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    Need Advice on Overcoming Denial
    algof posted:
    I live 1000 miles from my 81 year old mother. I cannot afford to visit except every 2 or 3 years, but my one sibling, a sister, lives close to her.
    My mom had some serious surgery last fall and in the process of discussing her odd behavior, my sister and I realized that my mom may have been showing symptoms of dementia for several years. Her personality has changed from a kind caring person to someone who is mean and spiteful and incredibly difficult to be around. (When my sister mentioned some baby rabbits she'd seen in the hospital lawn, my mom said, "I HATE baby rabbits. They should call an exterminator." That's not the mom I grew up with.)

    It's been bad enough long enough that I have avoided communicating with her because I thought she didn't like me. But during the time she was in the hospital, my sister and I realized most close family members thought she didn't like them either.

    My sister stayed at my mom's house for a few days to care for her and discovered many truly disgusting cleaning oversights--also not like my mom.

    My sister left earlier than planned after surgery because my mom refused to eat anything my sister cooked, even though they'd planned the post-surgery meals together.

    My mom has hidden the important documents we would need to continue caring for her should she become disabled. She has also sewn up in bags and hidden around her house my dad's coin collection. And driven the city animal control people mad complaining about bats in her attic, which there aren't. (Once it was a large moth. She thought it was a bat with rabies.)

    Every time my sister asks for her most recent doctor's name or info that might help us get her in for an evaluation, or access to documents, her accountant's name, etc, my mom says my sister just wants her to die.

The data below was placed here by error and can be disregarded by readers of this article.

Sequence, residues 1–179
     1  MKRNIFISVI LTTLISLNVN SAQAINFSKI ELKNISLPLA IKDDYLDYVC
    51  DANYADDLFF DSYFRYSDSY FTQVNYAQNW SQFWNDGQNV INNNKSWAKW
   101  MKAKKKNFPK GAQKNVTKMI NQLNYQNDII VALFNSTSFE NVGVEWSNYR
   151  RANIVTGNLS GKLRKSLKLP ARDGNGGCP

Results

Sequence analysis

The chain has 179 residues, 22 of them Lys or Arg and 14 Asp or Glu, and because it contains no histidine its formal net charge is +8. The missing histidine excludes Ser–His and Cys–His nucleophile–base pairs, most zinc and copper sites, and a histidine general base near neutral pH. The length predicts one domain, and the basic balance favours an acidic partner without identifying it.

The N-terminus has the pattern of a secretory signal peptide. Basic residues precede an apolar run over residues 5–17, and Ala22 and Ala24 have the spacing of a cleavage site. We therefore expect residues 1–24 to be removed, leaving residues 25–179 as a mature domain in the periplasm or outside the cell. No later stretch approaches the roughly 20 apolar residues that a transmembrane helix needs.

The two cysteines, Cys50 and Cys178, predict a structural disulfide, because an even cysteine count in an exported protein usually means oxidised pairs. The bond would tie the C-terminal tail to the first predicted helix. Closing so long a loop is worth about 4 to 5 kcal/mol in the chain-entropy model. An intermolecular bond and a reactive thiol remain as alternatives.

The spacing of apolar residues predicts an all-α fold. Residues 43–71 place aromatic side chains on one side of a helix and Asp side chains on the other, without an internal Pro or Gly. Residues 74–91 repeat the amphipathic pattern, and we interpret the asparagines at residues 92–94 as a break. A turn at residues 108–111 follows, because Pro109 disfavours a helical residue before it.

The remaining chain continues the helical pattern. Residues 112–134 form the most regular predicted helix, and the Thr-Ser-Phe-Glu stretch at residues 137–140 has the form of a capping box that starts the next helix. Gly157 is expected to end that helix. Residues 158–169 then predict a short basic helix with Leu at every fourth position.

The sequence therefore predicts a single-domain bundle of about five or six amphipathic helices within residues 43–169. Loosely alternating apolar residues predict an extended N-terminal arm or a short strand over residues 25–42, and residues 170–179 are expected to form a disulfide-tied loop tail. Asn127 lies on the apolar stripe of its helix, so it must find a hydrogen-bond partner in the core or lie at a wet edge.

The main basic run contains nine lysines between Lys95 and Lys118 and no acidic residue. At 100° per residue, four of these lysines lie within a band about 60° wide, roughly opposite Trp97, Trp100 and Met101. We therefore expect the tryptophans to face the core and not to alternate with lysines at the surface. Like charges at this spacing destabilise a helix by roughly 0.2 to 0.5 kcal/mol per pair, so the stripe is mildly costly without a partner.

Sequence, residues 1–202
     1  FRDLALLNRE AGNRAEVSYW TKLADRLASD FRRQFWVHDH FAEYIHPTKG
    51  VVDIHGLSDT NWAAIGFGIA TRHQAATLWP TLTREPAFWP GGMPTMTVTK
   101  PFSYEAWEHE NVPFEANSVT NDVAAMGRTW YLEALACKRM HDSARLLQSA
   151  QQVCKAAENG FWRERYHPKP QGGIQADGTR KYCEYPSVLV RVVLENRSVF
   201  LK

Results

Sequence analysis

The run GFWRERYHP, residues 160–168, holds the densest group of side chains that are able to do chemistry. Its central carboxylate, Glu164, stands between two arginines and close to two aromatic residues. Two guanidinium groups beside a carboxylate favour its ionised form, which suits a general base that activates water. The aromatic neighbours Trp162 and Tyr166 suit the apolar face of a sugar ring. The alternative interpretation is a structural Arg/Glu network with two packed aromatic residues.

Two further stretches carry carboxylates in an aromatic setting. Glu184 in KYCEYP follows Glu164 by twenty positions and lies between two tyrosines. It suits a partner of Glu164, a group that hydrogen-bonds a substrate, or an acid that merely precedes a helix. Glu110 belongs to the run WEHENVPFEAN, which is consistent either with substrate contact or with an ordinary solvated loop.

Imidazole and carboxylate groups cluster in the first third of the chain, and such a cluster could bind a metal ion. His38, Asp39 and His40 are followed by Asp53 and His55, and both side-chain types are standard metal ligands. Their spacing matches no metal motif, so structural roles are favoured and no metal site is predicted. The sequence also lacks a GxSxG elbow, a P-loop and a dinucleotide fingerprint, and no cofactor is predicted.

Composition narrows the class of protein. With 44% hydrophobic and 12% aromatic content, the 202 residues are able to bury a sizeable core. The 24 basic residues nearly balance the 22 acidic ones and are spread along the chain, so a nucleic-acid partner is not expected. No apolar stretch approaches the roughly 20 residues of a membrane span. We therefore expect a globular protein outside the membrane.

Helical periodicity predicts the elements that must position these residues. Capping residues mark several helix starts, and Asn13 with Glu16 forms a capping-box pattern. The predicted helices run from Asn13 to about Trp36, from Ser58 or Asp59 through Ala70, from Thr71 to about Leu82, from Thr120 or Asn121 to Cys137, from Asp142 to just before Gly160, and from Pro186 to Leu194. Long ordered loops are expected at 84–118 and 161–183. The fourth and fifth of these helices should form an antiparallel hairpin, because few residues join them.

My mom has a close friend who is approaching 90 and is trying to help us, but even she can't break through the resistance, denial and paranoia.

    All the articles and books I've read have strategies that aren't going to work in this case.
    Do you all have any suggestions?
    davedsel2 responded:

    I am very sorry this is happening to your mother and family.

    Your best course of action would be to find an elder attorney and get all documents in order - a Durable Power Of Attorney so you and your sister can take over her finances, and a Health Care Proxy so you can make decisions about her medical care.

    You may need to have her legally declared incompetent to force her to comply with these document. This all may sound very harsh but it sounds like there is potential or your mother to cause harm to herself and others.

    Your mother also should no longer live alone. You need to find options such as a full-time aide coming to the house or moving her to an assisted living facility.

    Go to the Alzheimer's Association website ( ) and find the chapter that is in your mother's area. You can ask questions, get other's advice, and even employ their help in getting your mother the help she needs - either an aide coming in or moving her to an assisted living facility. They will also have a list of reputable elder attorneys, plus listings of local support groups in the area.

    Most of all, see if you can get her to her primary doctor and then a neurologist that specialized in dementia for an accurate diagnosis.

    I understand how hard this is, but it all must be done to ensure your mother's safety and that she gets the care she now needs.

    I pray you and your family can get all this resolved asap.
    Please click on my username or avatar picture to read my story.


    algof replied to davedsel2's response:
    Thank you. Really helpful. I'll talk to my sister and see what we can get started with.

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